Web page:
Compiled by Skipper Steely and Ron Brothers
James Mitchell Daniel was born 11 Jun 1833 and died 7 Apr 1916.
He married Emmy B. Wright on 12 Jan 1858 in Lamar County, Texas.
He is buried in Evergreen Cemetery,
Block E, Lot 04SW, Space 02
in Paris, Lamar County, Texas.
From The History of Lamar County, by A. W. Neville, North Texas Publishing Co., 1937, pp.
Captain Daniel's Men
Captain James M. Daniel had organized an artillery company. The record in the Lamar county
clerk's office says: "Pursuant to in agreement the members of the Paris Artillery met in the city of
Paris, county of Lamar, state of Texas, at the company armory and there and at that time declared
themselves an incorporated body under the provisions of an Act passed by the legislature of
Texas, 15 Feb., 1858, under the name and style of the Lamar Artillery. The company beat was
established within the county limits of Lamar county and the armory duly indicated in said county
in the city of Paris.
"The roll being called and 36 members being present they elected officers who were installed and
entered upon the discharge of their duties." The certificate with the roster of the company was
filed and entered of record by Jacob Long, county clerk, dated July 8, 1861.
This company was later increased in enrollment. April 15, 1862, the county clerk recorded
Captain Daniel's certificate that the company had been accepted into the service of the
Confederate States by the secretary of war and was put under orders January 18, 1862, and that
the company completed organization by election of officers March 8, 1862, and entered into a
camp of instruction at Paris. It may be noted that some of the men had been enrolled in one of the
other companies formed previously by Captain Milton Webb and Captain Sam Bell Maxey, and it
is probable that they were again shifted, in some instances, before Maxey completed raising the
Ninth regiment and marched them to the front the next year. Neither did all these men go with
that regiment, for some of them were over the age for service at that time, and were needed for
duty in the county as badly as for the army."
THE PARIS NEWS
Fine Home Marks Legacy of Capt. Daniel
By Skipper Steely
Often the question arises, "Just who was the Capt. Daniel who built the neat home on West
In a minute I'm ready for a dissertation. Reconstructed by Mamie Graves in 1946 and again by G.
I. Hodges in the early 198Os, the home and its original inhabitants are as fascinating as Gen. Sam
Bell Maxey and his lineage.
James Mitchell [sic] Daniel came to Paris In 1856 to work on the rail
effort called the Memphis, El Paso and Pacific. He was a self-taught
civil engineer from a first family of Virginia. His ancestors were
signers of the Declaration of Independence, soldiers in the revolution
and war of 1812, doctors, lawyers, and at one time, he had a great
uncle on the Supreme Court of the United States. However,
Daniel's own education was cut short by first the death of his mother
in 1840 when he was 7 years old. Four years later, he and his five
brothers were farmed out to relatives after his father and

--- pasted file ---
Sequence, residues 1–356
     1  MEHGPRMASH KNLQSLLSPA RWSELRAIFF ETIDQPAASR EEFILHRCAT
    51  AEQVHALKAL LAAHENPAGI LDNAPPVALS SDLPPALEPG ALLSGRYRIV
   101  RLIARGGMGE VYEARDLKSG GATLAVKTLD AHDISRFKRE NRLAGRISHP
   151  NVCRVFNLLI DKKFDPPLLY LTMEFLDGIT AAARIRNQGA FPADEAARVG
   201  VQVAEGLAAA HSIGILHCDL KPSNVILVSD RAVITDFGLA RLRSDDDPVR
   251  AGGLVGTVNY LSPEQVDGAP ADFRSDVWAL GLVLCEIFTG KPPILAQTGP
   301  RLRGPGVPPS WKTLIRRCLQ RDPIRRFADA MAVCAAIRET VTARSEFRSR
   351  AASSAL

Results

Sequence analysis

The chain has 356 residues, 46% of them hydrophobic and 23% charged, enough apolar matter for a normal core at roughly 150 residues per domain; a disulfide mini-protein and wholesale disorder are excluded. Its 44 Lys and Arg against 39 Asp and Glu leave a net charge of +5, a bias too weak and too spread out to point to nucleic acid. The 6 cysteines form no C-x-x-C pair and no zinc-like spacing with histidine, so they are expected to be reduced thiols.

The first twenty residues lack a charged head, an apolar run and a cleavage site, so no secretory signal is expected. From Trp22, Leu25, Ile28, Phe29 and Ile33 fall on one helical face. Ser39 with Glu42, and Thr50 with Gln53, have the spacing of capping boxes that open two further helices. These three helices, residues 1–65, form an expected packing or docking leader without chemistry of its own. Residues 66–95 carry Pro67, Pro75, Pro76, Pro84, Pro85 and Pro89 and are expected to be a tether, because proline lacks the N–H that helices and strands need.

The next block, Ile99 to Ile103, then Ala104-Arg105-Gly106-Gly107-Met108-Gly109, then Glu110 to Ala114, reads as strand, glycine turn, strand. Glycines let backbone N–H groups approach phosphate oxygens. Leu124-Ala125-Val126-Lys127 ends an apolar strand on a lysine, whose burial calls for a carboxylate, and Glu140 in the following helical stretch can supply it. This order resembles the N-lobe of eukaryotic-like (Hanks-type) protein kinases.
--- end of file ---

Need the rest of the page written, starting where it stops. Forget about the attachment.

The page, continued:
step-mother died in a scarlet fever epidemic. According to his own
notes, Daniel went to his Uncle Traver's home in Richmond at age
10, going to school for four years while the split family tried to
Daniel left home at 14 with "... a bundle and not a cent of money to earn my living by buying corn
and fodder for the Richmond and Danville Railroad contractors." He earned $12 per month. In
September 1848, his older brother John secured him a job on the construction of the Virginia and
Tennessee Railroad as a rodman at $30. For the subsequent six years he learned.
Hearing of rail efforts in the southwest, Daniel traveled to Galveston, setting foot in Texas on the
last day of 1854. A bit of work in Arkansas brought him knowledge of the MEP & PRR effort
funded mainly by Northeast Texans. He was hired to the engineering corps, and at a ball at the
Cole Hotel in Paris in 1857, he met Emily Wright. A year later they married and Daniel was
connected to Paris forever.
The Civil War effort not only killed off the railroad work, it painfully split Daniel's family. His
first cousin Moncure Daniel Conway left Falmouth, VA in 1853 disgusted with the slave life the
South. By 1860 Daniel's brother John was a very influential newspaper editor, serving also as
minister of Italy. He came home to take up the Southern cause, though his writings show a less
than full support of secession. Daniel formed an artillery battery here and thus was dubbed
"Captain" for the rest of his life.
During reconstruction he took his family to Brooklyn where he continued the attempt by Texas
investors to prop up the rail effort begun 12 years earlier. After a soured venture involving
controversial figure John C. Fremont and a game of pyramid, Daniel moved away from that
railroad idea and on to Richmond, where he went into banking. However, one lousy event after
another discouraged Daniel and Emily, who was homesick for Texas. When a daughter fell out of
a second story window the final stage was set. They moved back in 1876 to the plot of land in
On it then was only a cabin-type house, similar to the structure to the south of the large house
seen today from 5th SW. In 1877, bad fortune beget good luck. Emily's father died and two
weeks later Paris burned to the ground. Daniel was to profit in the rebuilding effort and by 1878
he owned the town street railway, pulled by mules.
He then went mining in Colorado off and on for two years, using his engineering expertise. This
led, to an adventure in Mexico. In 1882, he went to Agues Calientes, a small area in central